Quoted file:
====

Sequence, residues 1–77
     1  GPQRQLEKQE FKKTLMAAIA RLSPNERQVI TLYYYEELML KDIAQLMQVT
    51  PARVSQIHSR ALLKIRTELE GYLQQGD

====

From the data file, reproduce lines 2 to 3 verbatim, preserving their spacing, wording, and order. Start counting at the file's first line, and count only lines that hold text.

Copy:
     1  GPQRQLEKQE FKKTLMAAIA RLSPNERQVI TLYYYEELML KDIAQLMQVT
    51  PARVSQIHSR ALLKIRTELE GYLQQGD